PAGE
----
COMPANY trying to flog something conducts random survey alert!
Latest into the Talk of the Town in-tray is a press release from Cussons Mum & Me, a manufacturer of baby toiletries.
It has a survey which shows that 61 per cent of Capital mums buy products their child never used, all in the quest to be the perfect mum.
Apparently, 15 per cent have spent more than £100 on unwanted items.
Exactly how many mums from Edinburgh took part is not immediately clear, nor indeed is the point.
Another nice wee brolly for Holyrood politicians
MSPs will soon be able to enjoy sitting out in the Scottish Parliament garden.
At a special question time, Linda Fabiani, the SNP MSP on the cross-party corporate body in charge of the building, revealed plans for tables and chairs to be placed outside.
Ms Fabiani was eager for people to take advantage of the garden, but seemed alert to the obvious drawback – the unpredictable Scottish climate.
“Perhaps we should get a bit tougher and rather than parasols we could have big umbrellas,” she said. The rest of us are just wondering how much it’s going to cost.
Modern art’s a pile of . .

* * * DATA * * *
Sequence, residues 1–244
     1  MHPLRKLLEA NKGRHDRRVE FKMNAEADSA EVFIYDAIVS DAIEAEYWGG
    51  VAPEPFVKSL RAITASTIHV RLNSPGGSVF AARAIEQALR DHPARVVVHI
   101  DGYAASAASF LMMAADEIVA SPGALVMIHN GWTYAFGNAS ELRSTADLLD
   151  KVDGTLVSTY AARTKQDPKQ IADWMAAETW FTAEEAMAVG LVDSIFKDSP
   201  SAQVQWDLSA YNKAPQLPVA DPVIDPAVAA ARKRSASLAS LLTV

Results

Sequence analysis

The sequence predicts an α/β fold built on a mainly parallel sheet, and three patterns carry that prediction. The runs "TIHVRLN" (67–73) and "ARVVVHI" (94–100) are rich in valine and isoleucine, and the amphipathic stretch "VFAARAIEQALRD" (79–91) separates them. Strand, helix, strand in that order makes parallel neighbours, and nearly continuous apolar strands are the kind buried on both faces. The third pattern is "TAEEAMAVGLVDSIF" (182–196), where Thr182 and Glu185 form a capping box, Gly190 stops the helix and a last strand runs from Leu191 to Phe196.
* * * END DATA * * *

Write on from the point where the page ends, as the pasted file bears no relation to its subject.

WE note the reported scheme by West Dunbartonshire Council to spray-paint dog mess bright pink.
It is said to a be part of a bid to shock folk into clearing up after their pets and changing their habits.
After it’s given a colourful makeover, the offending mess is left in situ for up to week to, er, await removal by the dog owner.
An interesting idea, we thought, but it would never work in Edinburgh. More likely it would be hailed as the latest in guerilla art.
Baaa-d times are over
FOR years our woolly friends had come to dread the approach of April. As the lambing season approaches in the Pentlands, so did the fear of being attacked by dogs.
So serious had the “sheep worrying” problem become that a major awareness campaign was launched and very successful it has been too.
In fact, it has been hailed for all but eradicating the problem, with no fatalities reported.
Well done to all involved. It is nice to know that there are at least a few Lothian residents who now have no worries